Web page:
Periodicals; Mormons; Religious thought; Philosophy and religion
Independent national quarterly established to express Mormon culture and examine the relevance of religion to secular life. It is edited by Mormons who wish to bring their faith into dialogue with human experience as a whole and to foster artistic and scholarly achievement based on their cultural heritage. The journal encourages a variety of viewpoints; although every effort is made to insure accurate scholarship and responsible judgment, the views expressed are those of the individual authors and are not necessarily those of the Mormon Church or of the editors.
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Rees, Robert A.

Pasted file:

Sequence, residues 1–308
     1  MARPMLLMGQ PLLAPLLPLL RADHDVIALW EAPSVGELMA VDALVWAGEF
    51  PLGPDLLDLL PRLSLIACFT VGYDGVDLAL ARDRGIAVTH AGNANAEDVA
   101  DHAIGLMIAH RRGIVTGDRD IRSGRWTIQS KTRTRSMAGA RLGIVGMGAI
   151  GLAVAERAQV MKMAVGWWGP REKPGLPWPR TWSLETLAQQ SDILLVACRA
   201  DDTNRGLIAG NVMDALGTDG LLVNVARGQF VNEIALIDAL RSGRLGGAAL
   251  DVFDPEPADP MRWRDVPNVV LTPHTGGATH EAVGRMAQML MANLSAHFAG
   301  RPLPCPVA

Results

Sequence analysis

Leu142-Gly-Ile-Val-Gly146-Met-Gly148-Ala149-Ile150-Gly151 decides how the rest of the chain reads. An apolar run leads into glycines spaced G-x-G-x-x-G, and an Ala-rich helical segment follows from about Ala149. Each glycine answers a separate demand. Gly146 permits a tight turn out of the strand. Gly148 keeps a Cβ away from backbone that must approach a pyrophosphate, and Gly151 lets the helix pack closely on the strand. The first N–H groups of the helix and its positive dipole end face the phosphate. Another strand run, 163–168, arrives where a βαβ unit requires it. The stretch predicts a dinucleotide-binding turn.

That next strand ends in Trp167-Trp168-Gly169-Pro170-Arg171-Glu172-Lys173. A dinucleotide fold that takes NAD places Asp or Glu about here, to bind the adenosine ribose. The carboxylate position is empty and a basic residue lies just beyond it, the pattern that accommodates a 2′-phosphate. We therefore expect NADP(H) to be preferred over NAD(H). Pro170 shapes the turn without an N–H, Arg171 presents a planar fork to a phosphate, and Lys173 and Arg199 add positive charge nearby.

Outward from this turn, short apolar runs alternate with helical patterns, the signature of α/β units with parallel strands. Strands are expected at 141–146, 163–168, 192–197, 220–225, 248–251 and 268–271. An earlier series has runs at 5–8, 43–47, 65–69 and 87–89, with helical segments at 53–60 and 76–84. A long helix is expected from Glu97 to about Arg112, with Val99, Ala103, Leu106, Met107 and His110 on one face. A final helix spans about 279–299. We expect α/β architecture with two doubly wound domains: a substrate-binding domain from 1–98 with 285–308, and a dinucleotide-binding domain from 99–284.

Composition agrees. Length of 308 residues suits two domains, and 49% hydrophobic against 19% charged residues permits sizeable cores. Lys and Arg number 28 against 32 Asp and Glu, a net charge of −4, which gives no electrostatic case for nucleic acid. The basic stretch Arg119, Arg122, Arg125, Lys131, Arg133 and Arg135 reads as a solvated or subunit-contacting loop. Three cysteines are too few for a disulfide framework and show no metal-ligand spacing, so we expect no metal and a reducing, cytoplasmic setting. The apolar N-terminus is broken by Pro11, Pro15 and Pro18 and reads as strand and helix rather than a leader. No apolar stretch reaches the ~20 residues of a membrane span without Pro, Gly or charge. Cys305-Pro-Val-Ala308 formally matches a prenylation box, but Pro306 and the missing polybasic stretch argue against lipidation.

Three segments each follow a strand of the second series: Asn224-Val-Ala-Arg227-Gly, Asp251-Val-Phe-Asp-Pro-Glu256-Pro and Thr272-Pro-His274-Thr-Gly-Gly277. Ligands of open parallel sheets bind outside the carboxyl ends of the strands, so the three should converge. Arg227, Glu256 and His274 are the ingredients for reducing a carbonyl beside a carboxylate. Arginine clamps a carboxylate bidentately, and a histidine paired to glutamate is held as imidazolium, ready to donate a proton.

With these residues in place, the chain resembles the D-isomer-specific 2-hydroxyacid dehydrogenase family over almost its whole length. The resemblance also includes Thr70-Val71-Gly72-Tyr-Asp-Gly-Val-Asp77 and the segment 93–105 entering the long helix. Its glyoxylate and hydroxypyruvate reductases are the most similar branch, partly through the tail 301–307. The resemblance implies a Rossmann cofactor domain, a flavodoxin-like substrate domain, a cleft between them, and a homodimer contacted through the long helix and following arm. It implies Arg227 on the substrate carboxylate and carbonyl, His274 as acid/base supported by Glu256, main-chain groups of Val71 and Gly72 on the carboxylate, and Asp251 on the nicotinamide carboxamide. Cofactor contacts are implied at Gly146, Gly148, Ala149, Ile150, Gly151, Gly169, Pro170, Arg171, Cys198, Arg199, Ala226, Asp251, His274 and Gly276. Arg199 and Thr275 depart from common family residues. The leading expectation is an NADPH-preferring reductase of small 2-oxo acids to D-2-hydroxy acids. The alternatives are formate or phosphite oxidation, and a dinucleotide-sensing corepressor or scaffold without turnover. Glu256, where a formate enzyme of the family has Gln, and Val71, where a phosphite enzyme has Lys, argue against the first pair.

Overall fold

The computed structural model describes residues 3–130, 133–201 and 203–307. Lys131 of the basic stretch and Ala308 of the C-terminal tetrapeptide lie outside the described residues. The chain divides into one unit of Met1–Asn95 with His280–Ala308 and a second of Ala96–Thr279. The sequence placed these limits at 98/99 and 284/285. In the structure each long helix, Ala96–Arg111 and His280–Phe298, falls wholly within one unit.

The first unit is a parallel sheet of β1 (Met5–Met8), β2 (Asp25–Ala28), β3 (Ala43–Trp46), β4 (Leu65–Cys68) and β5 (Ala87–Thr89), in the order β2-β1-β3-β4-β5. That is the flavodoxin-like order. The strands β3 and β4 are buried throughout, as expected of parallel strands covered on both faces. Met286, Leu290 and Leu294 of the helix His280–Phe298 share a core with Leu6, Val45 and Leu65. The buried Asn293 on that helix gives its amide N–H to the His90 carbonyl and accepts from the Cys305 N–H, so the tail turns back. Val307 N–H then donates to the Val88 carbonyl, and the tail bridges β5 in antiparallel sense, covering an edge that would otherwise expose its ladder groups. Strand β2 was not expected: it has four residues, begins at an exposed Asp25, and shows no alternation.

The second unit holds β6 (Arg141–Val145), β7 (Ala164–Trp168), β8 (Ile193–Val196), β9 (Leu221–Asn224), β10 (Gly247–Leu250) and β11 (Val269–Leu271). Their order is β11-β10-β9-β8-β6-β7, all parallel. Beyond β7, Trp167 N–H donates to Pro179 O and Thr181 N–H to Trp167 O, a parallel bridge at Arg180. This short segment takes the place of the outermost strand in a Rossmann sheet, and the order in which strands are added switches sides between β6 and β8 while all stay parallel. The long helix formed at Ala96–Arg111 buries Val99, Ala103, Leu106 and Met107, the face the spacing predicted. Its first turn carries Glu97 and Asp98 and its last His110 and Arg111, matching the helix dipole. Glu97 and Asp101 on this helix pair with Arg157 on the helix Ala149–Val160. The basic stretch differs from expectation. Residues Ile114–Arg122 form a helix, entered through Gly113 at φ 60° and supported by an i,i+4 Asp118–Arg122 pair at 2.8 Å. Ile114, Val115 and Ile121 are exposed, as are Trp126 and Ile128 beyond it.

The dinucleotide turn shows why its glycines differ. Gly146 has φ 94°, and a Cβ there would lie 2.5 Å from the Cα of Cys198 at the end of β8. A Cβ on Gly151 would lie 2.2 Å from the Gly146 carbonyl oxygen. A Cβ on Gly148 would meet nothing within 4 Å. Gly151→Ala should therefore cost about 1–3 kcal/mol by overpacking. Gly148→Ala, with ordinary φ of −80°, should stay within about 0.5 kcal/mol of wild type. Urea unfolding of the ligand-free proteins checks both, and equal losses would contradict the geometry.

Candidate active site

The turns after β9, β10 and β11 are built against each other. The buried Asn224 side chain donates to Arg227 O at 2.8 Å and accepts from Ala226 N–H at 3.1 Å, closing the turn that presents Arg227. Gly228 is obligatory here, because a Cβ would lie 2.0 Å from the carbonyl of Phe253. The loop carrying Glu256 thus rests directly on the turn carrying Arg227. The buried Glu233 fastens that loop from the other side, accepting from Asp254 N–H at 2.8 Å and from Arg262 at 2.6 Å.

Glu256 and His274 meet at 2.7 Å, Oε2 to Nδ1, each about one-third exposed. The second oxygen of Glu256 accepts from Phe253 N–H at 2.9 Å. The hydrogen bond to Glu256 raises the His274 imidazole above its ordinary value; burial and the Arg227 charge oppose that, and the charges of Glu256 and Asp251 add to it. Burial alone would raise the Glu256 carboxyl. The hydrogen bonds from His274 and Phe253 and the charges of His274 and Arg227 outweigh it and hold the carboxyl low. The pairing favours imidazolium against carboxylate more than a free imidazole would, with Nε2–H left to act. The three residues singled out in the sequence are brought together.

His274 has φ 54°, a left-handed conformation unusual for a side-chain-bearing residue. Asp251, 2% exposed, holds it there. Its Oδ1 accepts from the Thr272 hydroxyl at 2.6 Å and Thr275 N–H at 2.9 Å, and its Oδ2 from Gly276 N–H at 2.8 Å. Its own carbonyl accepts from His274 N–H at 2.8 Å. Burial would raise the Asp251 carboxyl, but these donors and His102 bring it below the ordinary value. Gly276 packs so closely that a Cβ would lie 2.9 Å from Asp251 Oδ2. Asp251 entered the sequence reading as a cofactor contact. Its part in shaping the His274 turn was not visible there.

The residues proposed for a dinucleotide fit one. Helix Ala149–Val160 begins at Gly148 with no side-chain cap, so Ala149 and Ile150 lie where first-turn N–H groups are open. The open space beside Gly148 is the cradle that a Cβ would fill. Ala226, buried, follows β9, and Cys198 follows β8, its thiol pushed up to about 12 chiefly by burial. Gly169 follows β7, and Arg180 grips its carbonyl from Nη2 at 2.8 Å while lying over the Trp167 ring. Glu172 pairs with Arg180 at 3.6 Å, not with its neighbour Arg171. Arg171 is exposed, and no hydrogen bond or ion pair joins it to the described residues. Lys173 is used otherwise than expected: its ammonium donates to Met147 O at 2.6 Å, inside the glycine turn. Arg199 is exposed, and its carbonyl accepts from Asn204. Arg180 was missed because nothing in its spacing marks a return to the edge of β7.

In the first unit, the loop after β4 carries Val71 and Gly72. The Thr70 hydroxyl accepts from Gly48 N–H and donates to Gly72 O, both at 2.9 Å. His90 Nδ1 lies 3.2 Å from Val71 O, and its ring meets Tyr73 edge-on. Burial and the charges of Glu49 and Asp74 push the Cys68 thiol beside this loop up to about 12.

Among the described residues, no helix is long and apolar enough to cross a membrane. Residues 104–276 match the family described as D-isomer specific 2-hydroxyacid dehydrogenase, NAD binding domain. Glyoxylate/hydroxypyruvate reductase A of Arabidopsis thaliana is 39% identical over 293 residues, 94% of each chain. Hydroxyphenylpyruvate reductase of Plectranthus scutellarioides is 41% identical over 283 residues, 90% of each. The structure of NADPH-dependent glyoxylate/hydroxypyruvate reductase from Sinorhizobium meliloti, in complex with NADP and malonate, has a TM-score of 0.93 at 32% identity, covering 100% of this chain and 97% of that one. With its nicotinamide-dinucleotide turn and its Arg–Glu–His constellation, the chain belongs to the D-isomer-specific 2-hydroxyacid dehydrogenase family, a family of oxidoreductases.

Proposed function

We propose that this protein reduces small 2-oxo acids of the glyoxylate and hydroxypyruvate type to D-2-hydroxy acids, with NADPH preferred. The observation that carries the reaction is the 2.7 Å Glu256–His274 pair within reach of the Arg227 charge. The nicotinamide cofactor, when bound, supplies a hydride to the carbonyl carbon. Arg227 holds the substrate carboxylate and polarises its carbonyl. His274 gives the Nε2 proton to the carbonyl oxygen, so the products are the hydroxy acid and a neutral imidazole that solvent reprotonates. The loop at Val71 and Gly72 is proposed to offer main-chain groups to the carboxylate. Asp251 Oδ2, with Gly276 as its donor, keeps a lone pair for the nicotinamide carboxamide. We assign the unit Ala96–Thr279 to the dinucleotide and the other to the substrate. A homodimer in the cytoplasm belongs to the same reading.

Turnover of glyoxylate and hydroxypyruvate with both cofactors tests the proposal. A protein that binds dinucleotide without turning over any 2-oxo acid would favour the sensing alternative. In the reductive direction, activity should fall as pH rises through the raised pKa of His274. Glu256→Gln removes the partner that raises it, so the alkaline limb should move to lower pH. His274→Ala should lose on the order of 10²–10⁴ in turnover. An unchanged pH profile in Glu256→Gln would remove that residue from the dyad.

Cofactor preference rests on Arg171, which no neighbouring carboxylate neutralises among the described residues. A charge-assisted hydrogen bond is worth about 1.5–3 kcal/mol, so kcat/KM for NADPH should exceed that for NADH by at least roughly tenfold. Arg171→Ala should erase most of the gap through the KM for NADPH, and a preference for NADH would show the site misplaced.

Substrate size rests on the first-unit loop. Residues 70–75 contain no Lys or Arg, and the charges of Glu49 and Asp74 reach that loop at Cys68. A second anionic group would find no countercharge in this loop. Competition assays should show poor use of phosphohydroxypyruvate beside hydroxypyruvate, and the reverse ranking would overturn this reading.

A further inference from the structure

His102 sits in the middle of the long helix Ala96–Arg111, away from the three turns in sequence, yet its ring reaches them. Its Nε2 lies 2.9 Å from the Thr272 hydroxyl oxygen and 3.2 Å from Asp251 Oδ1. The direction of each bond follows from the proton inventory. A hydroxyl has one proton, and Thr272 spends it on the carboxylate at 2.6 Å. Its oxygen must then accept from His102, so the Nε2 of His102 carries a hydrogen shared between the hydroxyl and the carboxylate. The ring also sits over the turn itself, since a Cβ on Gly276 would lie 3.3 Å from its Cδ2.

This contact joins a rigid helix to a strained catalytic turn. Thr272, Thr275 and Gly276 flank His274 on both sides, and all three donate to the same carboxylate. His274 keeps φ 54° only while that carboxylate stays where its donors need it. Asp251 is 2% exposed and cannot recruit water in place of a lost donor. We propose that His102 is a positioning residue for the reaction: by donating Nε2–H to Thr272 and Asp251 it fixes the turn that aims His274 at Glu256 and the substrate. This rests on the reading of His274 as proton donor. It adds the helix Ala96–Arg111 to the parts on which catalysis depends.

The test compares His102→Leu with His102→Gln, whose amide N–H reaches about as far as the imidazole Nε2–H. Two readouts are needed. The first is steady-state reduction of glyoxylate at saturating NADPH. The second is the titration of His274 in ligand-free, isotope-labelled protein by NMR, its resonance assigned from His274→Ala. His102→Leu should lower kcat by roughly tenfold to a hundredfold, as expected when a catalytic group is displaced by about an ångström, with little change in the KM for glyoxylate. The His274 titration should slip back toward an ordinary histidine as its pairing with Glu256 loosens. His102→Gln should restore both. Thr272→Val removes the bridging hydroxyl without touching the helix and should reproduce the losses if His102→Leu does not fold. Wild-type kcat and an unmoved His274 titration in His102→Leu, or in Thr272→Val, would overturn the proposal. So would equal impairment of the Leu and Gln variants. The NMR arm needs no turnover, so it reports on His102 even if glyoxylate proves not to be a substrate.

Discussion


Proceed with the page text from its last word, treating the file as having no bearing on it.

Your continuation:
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Dialogues on Science and Religion I 113 secrets of your particular field. And that is a lifetime mission, not a mission that you can take on for two years and then be released. That it is a lifetime mission and you are in this central position of leadership in a rapidly growing field. The Church is interested in the development of that particular field, and you want to do your very best. You do not have to be apologetic about it; you can be assertive about it." This was almost a complete reversal of what I had been taught from childhood on: "Never question if a person in authority asks you to serve. He would not have asked you if he had not given it thoughtful consideration. He is a representative of the Lord. And you must accept his call." Now here was the President of the Church telling me to have respect for my professional mission and to tell local authorities that when Church activities interfere with that mission that I was justified to indicate, "I have to be about my Father's business." It brought a certain resolution to what would be very difficult role conflicts later in my career. I have accepted some church assignments since, but I have kept President Smith's reminder that if I did not value my time, and if I did not value my mission, I could not expect a local Church leader to value it. Somewhat later I was asked by a stake president to become the stake Sunday School superintendent, which would require me to travel throughout the entire area. I told him that I respected his judgment but what he could not know was the nature of the commitments that I had, and I had to tell him "No." He was impressed and said no one had ever turned him down since he had been stake president. I asked him to think about it and pray about it. Before he got back to me with his answer, he had been released as stake president. He later told me he guessed that I was wise to have turned his call down because if I had accepted it that I would have found myself under a stake president who did not share his views of what was involved in the task. He added, "Sometimes we do make errors." This is rambling a little bit, but I have to say that part of my upbringing in the Church was colored by an enormous status difference between the faculty members who lived in the local ward of my youth and the essentially poor, unlettered, unskilled immigrant members of that ward. Our family provided continuous leadership in all aspects of the ward, but we never really felt we belonged. I always had a sense, while I was growing up, that I was somehow or other a cut above the rest of the members of the local Church. This was not good, because it tended to make me marginal to that particular ward. While I exercised leadership, it was a relief not to have to attend when I was away. That marginality has continued in other places I have lived. Converts with much less education, suspicious of people with education, sure that the educated cannot possibly believe, and sure that they are really unbelieving members of the Church—I had the feeling that if this is what the membership of the Church thinks, then I must not be worthy of membership in the Church. There are perhaps a half dozen wards in the course of my growing up where I felt fully at home, mainly those connected with universities or Institutes of Religion. These were places where I felt there was understanding and friendship, where I could explore all thinking in depth. This affected, I think, in my own development for most of my career, a sense of marginality to the official Church and to the local ward in which I was a member. I think they accept me in my own ward now largely because they accept my wife and because I never turn down an opportunity to serve at the organ; but they are hostile and disturbed by the questions which I raise in group discussions.